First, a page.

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Author Topic: Sex and Violence in Gaming  (Read 3109 times)
Yoda
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« Reply #15 on: November 22, 2010, 12:20:07 PM »

 

And in almost any given culture, there is some kind of taboo or stigma about sex and sexuality, which is a key and complex component in relationships.  The maturity to which a culture as a whole views sex and sexuality (and relationships as a whole) will affect how it is depicted by writers.  



I was thinking of how hard that must make it for developers of RPGs where relationships can play a huge deal. Having to appeal to the whims of japanese or american gamers while observing tact must be difficult.

Speaking of games exhibiting adult relationships whenever I suggest Mass Effect to a friend I always mention how the acting and storytelling is more entertaining and believable than the new star wars movies.
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Vanguard
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« Reply #16 on: November 22, 2010, 05:22:15 PM »

Violence doesn't bother me, but I also don't tend to play games that flaunt their gore on the cover. As far as sex goes, I hadn't really encountered it at all until I played Super Robot Taisen OG Saga: Endless Frontier. I found that despite how excessive it became, it did add a level of humor that worked overall.

In other games it would be very awkward and actually detract from the game. But that's not because I want them separate (I'm actually pretty neutral on both these issues); rather I think video games haven't reached a mature enough level in the storytelling department to depict that kind of relationship realistically.
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Onoda
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« Reply #17 on: November 22, 2010, 07:18:40 PM »

Even with H-games, I'd say 90% or more are immature and/or disgustingly degenerate porn.  But once in a while you find something like Crescendo that has truly beautiful writing.  If you took the sex completely out of Crescendo's equation, it would still be a pretty solid love adventure.  But the way sex and sexuality is depicted and written makes it truly a great game. 
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Annubis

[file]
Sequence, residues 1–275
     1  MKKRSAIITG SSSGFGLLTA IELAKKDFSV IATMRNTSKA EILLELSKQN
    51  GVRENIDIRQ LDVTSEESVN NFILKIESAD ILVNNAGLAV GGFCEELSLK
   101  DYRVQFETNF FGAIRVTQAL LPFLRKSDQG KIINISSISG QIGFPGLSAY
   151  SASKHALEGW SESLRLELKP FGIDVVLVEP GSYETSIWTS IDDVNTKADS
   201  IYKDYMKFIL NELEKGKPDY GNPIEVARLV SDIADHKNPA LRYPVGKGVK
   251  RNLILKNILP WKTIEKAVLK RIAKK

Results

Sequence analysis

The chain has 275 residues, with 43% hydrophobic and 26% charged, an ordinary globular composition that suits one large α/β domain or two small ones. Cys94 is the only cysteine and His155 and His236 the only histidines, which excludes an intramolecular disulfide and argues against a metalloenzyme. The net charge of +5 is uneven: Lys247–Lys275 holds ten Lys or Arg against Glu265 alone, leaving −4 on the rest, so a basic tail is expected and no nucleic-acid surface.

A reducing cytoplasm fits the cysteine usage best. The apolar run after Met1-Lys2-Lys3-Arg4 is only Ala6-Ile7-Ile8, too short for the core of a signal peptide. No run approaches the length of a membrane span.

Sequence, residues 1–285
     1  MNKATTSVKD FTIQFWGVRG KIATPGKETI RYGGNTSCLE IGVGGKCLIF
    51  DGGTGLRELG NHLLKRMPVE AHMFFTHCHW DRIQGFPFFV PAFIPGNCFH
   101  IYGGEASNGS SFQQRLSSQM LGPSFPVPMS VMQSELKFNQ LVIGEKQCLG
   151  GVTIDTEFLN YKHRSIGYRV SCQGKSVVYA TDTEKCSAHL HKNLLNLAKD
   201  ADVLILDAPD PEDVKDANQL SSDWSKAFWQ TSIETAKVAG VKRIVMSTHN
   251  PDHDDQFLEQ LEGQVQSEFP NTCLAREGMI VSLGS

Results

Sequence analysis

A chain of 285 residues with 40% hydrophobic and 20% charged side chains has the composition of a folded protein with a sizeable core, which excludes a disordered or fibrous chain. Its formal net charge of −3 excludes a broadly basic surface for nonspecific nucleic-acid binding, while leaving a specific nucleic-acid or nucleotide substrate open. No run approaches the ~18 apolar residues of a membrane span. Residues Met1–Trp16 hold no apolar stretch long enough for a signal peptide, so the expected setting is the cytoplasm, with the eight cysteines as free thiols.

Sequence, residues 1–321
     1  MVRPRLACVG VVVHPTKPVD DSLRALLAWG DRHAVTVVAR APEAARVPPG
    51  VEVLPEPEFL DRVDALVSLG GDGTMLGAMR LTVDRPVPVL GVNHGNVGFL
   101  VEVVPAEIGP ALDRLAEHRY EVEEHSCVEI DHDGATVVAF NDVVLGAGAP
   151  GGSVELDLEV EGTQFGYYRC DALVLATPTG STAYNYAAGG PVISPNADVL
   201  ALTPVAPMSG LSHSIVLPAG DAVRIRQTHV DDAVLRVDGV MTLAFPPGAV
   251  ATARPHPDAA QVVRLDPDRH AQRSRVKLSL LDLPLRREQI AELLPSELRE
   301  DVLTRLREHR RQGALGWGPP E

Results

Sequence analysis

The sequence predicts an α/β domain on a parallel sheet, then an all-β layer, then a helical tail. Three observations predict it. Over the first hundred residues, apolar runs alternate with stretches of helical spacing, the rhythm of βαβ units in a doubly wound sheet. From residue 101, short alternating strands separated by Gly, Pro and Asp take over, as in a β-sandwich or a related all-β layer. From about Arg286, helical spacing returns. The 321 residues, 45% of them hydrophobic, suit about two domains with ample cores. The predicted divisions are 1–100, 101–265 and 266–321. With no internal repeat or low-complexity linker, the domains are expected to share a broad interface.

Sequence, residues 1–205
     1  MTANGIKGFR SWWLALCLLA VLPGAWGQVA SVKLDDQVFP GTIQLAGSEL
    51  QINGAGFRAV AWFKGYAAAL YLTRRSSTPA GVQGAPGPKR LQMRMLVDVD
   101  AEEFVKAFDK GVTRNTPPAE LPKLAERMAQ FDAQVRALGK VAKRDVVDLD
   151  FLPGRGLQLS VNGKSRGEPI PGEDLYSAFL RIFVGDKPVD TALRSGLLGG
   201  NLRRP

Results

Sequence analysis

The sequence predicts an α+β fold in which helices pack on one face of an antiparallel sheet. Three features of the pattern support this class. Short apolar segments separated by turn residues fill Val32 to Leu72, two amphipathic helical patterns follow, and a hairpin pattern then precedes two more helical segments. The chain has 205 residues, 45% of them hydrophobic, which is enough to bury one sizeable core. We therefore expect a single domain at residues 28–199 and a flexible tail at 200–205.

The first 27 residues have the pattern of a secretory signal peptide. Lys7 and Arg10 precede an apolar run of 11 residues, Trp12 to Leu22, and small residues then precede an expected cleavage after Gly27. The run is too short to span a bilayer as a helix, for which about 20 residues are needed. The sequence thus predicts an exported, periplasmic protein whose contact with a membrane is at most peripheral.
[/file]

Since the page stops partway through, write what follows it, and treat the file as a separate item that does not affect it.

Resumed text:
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« Reply #18 on: November 22, 2010, 08:51:29 PM »

<_<
>_>

The 'sister' path is quite impressive
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Onoda
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« Reply #19 on: November 24, 2010, 08:10:31 PM »

That and the Yuka path had some pretty harrowing stuff in them.  The Kaori path had the best conversations.  Kaho's path was meh.  I liked Kyoko's path a lot and hers is what I would personally choose as canon.  I had no idea what to make of the hidden path. 

Still, one of the creepiest in my mind is Brother in Final Fantasy X-2 who hits on Yuna all the time.  She's your cousin, a blood relative, you incestuous freak! 

And, again, with depictions of both violence and sexuality, the power of suggestion keeps things more interesting then all out visual buffets.
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« Reply #20 on: November 24, 2010, 09:37:28 PM »

Oh, just like in Mass Effect 2. I played a female Shepard and I just hated having to go talk to Jacob because Shepard would lean on the table as if she wanted his 'hot stuff' while I didn't want any of it at all =/
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Prime Mover
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« Reply #21 on: November 24, 2010, 10:16:39 PM »

I just realized one of the main problems with relationship portrayal in games. In observing my friends in real life, I've noticed that relationships only look right if both people are first confident with themselves, to a greater or lesser degree. If one or both parties are incomplete without another, then it becomes a very awkward, unequal bond. Unfortunately, video games often portray one or both sides as being overly needy of the other. Ar Tonelico being probably the worst offender, and the reason it just feels so wrong. The Ravytails are completely built around the idea that they are servants, and need protection, simply by nature. Can you get any more unequal than that? These girls would likely die or be captured if not for their guardians, and they have no purpose beyond being a subservient magic girl. It doesn't matter if they were 13, 21, or 30, it's still a very unbalanced relationship. Sure, the main character says something once in a while to the point of "I couldn't have done this without you", but it seems more like a pat on the back for their emotional support rather than something really meaningful.